The Case for CASB: Healthcare

By Rich Campagna, Chief Marketing Officer, Bitglass

doctor and patient looking at healthcare record on tabletOver the past couple of years, Cloud Access Security Brokers (CASBs) have gone from a nascent, barely known technology to the de facto standard for secure public cloud enablement in every enterprise vertical. Early on, it’s tough to draw patterns across industries, but once you have a few hundred enterprise deployments under your belt, it becomes quite interesting to observe how organizations in one industry use the same technology (CASBs) in an entirely different way than organizations in another industry.

With that in mind, I’m creating a series of blog posts to cover some of the key differences in CASB usage that we see across industries. First up? Healthcare.

Like most industries, healthcare organizations are adopting cloud applications at a very rapid clip. Most start with major SaaS applications (like Office 365), but once they get a handling on security and compliance, start expanding their cloud footprint, with even applications like Electronic Medical Record (EMR) systems moving to the cloud. Across this massive change, the organization must still comply with HIPAA – no small feat.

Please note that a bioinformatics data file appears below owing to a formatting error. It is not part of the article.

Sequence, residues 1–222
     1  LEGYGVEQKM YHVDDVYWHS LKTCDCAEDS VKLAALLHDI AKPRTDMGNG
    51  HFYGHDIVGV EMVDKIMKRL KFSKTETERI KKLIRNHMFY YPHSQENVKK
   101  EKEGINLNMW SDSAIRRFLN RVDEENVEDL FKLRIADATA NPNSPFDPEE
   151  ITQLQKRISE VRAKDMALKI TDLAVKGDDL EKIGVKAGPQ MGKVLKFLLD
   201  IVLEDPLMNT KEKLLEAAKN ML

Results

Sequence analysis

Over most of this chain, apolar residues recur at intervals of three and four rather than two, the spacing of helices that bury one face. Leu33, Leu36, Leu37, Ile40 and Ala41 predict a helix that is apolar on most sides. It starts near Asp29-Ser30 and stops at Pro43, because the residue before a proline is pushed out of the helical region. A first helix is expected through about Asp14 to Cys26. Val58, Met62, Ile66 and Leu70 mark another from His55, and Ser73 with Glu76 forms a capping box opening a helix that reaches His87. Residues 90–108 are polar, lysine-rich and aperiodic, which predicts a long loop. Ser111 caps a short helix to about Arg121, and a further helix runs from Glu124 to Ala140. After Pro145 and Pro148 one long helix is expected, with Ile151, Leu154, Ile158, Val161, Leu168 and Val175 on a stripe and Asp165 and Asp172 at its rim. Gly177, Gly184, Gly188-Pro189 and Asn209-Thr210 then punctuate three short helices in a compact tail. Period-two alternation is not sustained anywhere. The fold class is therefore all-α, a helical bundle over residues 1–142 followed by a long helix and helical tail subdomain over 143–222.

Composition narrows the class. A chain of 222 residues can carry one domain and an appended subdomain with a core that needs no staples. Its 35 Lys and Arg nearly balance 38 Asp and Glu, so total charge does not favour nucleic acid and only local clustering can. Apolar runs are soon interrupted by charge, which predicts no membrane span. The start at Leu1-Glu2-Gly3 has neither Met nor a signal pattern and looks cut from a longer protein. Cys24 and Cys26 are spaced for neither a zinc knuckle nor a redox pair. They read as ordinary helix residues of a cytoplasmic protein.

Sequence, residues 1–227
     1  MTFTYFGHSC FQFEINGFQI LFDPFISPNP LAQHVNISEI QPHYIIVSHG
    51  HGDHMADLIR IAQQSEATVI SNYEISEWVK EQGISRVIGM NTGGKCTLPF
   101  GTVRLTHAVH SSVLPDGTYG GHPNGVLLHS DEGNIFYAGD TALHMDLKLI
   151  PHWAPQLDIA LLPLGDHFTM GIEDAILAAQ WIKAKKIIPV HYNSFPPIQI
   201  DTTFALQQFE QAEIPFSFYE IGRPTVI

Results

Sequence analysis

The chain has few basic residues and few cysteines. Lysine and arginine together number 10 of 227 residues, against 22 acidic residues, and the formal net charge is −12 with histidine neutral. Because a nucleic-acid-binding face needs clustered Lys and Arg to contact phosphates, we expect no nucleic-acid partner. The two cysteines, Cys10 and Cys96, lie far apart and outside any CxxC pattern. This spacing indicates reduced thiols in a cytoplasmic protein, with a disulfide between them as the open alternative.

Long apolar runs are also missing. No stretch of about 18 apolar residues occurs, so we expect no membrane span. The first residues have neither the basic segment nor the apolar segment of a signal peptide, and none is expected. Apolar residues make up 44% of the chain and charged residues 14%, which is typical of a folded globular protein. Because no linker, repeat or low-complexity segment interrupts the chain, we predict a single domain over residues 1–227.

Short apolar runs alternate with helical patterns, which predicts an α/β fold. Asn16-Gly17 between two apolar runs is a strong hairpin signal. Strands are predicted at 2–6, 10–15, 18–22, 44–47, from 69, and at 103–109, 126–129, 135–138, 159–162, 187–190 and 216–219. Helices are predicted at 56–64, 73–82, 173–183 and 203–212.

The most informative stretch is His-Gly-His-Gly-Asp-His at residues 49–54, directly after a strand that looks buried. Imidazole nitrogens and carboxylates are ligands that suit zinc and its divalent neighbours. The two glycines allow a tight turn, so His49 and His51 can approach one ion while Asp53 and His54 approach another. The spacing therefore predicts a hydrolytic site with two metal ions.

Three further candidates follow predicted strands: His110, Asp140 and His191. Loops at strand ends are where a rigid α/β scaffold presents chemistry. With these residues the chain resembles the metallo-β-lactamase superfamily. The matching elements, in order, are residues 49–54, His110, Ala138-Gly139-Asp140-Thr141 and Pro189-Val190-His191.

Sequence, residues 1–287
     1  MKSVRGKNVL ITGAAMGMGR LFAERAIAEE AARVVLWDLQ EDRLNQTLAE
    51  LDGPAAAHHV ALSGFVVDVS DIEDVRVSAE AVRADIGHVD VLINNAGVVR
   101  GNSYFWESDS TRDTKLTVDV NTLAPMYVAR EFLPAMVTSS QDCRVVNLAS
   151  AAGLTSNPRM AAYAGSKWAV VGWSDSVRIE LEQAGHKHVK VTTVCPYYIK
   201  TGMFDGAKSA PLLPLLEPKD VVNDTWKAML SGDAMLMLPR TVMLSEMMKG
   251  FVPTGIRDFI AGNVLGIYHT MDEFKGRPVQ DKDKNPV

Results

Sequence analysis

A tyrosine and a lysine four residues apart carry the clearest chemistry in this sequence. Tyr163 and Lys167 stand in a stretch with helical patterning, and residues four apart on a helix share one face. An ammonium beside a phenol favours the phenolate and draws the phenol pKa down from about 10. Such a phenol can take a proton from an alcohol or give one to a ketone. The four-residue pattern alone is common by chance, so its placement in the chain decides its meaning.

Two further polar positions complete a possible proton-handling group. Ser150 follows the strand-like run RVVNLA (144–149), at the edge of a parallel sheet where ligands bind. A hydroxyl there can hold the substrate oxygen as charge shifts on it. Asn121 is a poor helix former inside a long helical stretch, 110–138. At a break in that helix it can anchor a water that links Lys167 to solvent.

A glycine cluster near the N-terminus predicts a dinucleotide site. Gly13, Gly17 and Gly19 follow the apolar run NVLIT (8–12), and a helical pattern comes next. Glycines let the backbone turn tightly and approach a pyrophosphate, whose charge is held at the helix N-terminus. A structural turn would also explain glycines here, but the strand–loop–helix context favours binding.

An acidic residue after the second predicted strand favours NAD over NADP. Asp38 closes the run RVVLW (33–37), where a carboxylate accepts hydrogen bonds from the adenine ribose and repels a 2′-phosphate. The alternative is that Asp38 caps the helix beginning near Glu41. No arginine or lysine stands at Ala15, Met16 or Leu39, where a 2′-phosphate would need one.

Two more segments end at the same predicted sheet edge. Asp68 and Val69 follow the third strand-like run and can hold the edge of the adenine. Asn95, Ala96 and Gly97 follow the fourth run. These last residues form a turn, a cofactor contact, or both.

So what are the big security and compliance drivers that lead healthcare organizations to adopt a CASB?

  • Protecting PHI and Complying with HIPAA
    This one is quite obvious, but this post wouldn’t be complete without mentioning it. Protected Health Information (PHI) makes its way to cloud applications, and not just EMR and other clinical systems designed to store PHI. Email and files, via productivity suites like Office 365, typically contain PHI as well. The organization’s cloud footprint must have mechanisms in place to identify PHI, to eliminate access by unauthorized individuals, and to control the flow of PHI out of cloud applications. Healthcare organizations use either keyword and regular expression-based DLP policies, or increasingly, exact data match capabilities where electronic health record (EHR) data is exported from an application like Epic, tokenized, and uploaded to a CASB DLP engine to provide matching on patient data with much less risk of false positives.